Just as curious was a ham-radio broadcast heard by a number of northern California operators on the evening of the disappearance. "This is Alaska mobile needing assistance," a breathless man broadcasted; then, "Oh, my God, we're going to hit the rocks. I'm out of gas. I'm heading down. This is it." A sheriff who looked into the report said he didn't think it was a hoax. The Air Force disagreed, later finding it to be a false broadcast by a "sadistic person."

The Alaska search ended in November 1972, and the four men were officially declared dead by or shortly after Christmas. On Jan. 31, 1973, the National Transportation Safety Board adopted its final report, finding the disappearance inconclusive. Without wreckage, there was no way to definitively determine what happened. "Mechanical failure seems unlikely, though a thorough inspection of the plane was completed the day before it vanished," Walczak writes, "and it seemed to be in good shape. Theories continue to center on ice and pilot error. Jonz's reputation is eviscerated. Years later, however, one unexpected person comes to his defense: Lindy Boggs, ever the lady. She calls Jonz a magnificent pilot' and says she has no blame for the pilot. I know he valued his life, too.' "

Walczak was unable to interview Lindy Boggs before her 2013 death. Last year, though, he got a voice mail from Tommy Boggs, her son, who agreed to an interview. They played phone tag, and on Sept. 11, Walczak left Boggs a phone message to set up a meet. Four days later, Boggs died of a heart attack. His sister, Cokie Roberts, turned down an interview request, but she has said her father's plane crashed into water and sank, period.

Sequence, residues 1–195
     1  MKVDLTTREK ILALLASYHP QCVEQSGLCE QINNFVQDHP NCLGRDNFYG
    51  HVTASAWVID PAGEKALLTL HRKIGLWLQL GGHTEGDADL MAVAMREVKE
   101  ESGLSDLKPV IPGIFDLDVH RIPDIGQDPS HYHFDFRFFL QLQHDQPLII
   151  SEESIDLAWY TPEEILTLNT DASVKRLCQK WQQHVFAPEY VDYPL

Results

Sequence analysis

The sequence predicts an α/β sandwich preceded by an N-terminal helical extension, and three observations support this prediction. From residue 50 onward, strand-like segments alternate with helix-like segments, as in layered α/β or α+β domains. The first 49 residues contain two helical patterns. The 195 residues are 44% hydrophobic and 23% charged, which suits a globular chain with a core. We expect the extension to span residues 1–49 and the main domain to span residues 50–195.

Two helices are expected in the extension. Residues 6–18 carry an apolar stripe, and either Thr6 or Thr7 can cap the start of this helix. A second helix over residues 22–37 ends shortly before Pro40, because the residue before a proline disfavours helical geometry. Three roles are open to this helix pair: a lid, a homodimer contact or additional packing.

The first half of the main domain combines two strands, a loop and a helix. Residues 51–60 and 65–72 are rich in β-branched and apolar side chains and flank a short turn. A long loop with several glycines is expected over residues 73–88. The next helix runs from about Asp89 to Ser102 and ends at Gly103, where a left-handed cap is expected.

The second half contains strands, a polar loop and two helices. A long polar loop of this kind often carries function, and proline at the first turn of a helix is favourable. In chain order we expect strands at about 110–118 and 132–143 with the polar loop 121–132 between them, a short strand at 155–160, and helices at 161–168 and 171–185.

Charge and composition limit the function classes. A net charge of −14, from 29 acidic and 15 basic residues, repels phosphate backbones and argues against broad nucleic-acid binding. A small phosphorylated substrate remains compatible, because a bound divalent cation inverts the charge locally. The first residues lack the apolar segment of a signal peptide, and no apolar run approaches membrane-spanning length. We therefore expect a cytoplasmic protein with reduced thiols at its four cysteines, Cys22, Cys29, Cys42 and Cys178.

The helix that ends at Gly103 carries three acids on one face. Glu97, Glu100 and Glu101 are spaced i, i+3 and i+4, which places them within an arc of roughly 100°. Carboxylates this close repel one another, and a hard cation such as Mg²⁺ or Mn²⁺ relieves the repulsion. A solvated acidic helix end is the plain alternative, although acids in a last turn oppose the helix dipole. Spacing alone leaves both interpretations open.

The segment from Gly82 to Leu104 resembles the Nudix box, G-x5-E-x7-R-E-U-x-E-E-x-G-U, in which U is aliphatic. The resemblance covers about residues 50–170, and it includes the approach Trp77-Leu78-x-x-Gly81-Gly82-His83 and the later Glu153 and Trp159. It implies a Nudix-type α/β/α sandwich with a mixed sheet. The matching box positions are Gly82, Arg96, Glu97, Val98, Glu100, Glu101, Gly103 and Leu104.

Chatting on MSNBC last year after the disappearance of Malaysia Flight 370, she said she understood what relatives of the missing were going through, faced with the likelihood the plane crashed into the sea. They're "saying to the Malaysian government, Why are you just telling us that without any proof?' " Roberts said. "Well, they do have the equivalent of proof, but that's very hard for people to accept." In her father's case, the U.S. "brought in our spy planes . . . And there were all these sightings along the way, and people calling and saying they had heard something, some radio communication, and then the psychics came in and all of that, because people can't wrap their minds around the idea of a plane just disappearing into the bottom of the sea."

No one from the Begich clan would comment, either. Among those Walczak did talk with was pilot Jonz's ex-girlfriend, Cheryl Mitchell, who, then 21, was at the airport. She was the last person to see the four men alive. Newspapers at the time referred to her as a "mystery witness," and it took Walczak more than a year to find her. Now named Cheryl James, 63 and living in Nevada, she said she rode with Jonz to the airport and met the congressmen and the aide at the plane, then left. "James says she didn't see anything suspicious on the plane or in the disappearance," Walczak writes. "She believed the official explanation that Jonz crashed in bad weather. However, she did hear wild rumors that he landed at a remote strip in Canada, or that he fled to some exotic locale."